The Equality Act has two core substantive flaws. First, it renders virtually all biological sex distinctions unlawful, regardless of context. And second, it explicitly attempts to diminish religious liberty protections for religious individuals and institutions by stating that the Religious Freedom Restoration ACT (RFRA) “cannot provide a basis” for challenging the “application or enforcement” of the act. Let’s take these concerns in turn.

Even when we share the goal of treating trans Americans with dignity and respect, biological distinctions still matter, and disregarding them can be unjust and even discriminatory on other grounds. Let’s consider two examples. In a women’s locker room, exposure to male genitalia is generally considered to be indecent exposure or an act of harassment. Is the act cleansed of its harm if the penis belongs to a trans female? In sports, there are biological distinctions between girls and trans girls even if trans girls have received treatments that reduce testosterone or other male characteristics that give men athletic advantages over women.

I’m not one who says that the Equality Act will “destroy women’s sports.” That’s hyperbole. After all, the NCAA has had a trans-athlete policy since 2011, and women’s sports are robust and intact. But it’s still highly likely that the Equality Act will create and mandate unnecessary individual injustices.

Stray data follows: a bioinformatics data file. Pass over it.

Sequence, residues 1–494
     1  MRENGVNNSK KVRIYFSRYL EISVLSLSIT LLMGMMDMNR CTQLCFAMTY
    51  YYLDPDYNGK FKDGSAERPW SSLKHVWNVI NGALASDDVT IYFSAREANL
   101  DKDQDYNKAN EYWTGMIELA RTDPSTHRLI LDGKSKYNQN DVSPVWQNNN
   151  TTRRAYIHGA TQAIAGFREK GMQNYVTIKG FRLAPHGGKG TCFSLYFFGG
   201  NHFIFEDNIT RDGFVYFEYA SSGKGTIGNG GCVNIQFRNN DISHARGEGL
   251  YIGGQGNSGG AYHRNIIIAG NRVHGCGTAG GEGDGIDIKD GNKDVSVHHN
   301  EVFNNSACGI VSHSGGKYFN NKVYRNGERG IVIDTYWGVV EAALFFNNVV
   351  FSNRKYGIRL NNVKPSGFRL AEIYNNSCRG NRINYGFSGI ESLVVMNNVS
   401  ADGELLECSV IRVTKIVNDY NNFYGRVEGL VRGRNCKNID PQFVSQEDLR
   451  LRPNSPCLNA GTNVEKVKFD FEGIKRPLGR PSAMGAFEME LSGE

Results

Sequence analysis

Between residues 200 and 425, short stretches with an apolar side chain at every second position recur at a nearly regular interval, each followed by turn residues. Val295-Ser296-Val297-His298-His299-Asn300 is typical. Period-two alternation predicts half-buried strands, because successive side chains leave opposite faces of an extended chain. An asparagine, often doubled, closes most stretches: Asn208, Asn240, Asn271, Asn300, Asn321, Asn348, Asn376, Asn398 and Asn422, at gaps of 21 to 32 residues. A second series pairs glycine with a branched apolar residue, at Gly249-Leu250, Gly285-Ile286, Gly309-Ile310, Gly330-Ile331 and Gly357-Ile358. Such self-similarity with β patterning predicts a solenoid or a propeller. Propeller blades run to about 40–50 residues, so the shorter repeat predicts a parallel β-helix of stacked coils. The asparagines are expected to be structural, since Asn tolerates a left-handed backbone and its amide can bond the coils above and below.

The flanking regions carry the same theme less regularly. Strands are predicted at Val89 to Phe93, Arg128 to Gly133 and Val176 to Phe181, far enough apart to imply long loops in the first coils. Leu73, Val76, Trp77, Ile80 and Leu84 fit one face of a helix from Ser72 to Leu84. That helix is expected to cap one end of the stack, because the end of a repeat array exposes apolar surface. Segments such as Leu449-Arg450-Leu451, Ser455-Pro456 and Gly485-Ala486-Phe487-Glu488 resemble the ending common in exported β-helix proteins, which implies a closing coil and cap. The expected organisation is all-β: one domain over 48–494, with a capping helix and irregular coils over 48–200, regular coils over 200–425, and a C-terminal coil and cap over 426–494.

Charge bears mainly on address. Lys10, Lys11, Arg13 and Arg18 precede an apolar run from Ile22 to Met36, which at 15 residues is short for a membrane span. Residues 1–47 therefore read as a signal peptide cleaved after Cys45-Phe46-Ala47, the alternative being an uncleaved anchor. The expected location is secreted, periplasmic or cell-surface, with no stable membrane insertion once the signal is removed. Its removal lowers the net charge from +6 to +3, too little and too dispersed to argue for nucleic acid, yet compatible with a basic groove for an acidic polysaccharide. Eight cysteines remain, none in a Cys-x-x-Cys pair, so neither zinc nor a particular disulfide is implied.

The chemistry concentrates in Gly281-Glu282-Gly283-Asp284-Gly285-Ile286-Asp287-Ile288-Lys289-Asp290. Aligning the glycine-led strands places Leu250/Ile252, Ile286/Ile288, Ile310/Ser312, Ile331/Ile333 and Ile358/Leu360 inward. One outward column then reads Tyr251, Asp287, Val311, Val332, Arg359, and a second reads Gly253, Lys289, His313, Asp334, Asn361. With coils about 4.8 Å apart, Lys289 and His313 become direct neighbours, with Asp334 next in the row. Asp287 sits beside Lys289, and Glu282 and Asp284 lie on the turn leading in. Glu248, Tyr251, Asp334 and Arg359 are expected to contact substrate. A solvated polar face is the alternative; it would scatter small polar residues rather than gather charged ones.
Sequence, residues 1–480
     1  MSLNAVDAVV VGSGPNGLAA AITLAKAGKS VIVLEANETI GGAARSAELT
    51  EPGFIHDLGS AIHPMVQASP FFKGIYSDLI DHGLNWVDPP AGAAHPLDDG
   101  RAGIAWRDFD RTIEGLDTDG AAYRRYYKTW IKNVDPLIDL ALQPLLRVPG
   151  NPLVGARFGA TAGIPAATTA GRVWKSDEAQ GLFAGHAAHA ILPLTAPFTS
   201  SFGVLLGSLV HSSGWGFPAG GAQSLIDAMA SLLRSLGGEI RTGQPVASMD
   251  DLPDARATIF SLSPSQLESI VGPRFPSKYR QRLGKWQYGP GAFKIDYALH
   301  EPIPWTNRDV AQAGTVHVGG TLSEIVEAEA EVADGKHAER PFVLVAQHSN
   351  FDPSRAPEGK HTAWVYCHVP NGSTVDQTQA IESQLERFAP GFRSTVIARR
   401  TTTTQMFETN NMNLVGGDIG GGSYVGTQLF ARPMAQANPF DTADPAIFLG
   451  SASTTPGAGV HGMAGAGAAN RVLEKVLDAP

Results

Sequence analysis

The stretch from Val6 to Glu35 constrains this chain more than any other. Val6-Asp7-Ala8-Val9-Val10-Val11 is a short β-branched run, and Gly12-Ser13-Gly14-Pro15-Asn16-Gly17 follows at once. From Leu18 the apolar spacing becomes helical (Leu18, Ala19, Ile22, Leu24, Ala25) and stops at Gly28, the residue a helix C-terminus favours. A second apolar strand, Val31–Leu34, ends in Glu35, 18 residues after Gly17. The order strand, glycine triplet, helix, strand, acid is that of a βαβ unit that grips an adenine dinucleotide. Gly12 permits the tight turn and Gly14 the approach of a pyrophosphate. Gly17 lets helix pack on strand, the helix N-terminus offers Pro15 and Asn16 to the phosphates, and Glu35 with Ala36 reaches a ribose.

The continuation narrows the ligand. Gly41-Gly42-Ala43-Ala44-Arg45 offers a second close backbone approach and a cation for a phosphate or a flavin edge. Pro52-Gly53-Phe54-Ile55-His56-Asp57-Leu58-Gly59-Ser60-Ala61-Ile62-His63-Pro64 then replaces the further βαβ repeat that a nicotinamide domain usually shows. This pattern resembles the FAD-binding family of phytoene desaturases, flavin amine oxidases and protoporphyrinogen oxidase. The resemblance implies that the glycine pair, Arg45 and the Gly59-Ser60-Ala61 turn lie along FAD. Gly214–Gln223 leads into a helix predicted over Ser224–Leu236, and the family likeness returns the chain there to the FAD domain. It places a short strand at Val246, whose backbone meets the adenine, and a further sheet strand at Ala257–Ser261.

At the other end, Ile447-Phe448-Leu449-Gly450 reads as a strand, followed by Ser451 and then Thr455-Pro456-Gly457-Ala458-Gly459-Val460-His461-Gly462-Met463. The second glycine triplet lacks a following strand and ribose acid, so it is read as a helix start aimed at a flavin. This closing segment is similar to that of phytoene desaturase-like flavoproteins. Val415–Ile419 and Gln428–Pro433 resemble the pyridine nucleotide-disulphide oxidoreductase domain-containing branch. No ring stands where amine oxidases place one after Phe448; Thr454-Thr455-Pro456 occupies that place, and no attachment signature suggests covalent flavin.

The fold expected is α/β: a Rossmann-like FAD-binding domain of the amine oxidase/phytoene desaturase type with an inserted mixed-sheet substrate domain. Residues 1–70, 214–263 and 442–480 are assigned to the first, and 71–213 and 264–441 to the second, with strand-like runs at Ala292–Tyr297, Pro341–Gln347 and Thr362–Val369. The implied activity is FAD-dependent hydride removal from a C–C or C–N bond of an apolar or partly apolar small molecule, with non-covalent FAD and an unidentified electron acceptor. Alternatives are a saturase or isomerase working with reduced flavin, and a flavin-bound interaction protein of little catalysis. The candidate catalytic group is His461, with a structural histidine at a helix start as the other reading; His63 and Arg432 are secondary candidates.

Moreover, while there may not be many trans women who seek to force, for example, a female beautician to wax male genitalia or who wish to spend the night in overnight quarters reserved for women only in a battered women’s shelter, the Equality Act will again create and mandate unnecessary individual injustices.

The attack on religious freedom is also unjust and unnecessary. It’s unnecessary because existing religious liberty doctrine isn’t incompatible with the Civil Rights Act. For example, in the 1968 case Newman v. Piggie Park, the Supreme Court held that a religious liberty defense to racial discrimination at a chain of drive-in restaurants and sandwich shops was “patently frivolous.”

Secular employers and establishments cannot escape the Civil Rights Act simply by citing divine sanction for their acts of discrimination. After all, RFRA applies to federal civil rights law now, and federal civil rights enforcement is robust. Nondiscrimination law can coexist with RFRA. It has coexisted with RFRA. Congress does not need to degrade religious liberty to expand civil rights.

But if Congress and the Biden administration do limit RFRA’s scope, it may well invite a largely pointless but immensely divisive wave of litigation against those religious institutions that maintain policies and practices that are consistent with the traditional doctrines of their faith. With or without RFRA, the Supreme Court is on a decade-long streak of solidifying constitutional religious liberty protections, and when the Equality Act conflicts with the Constitution, the Equality Act will fall.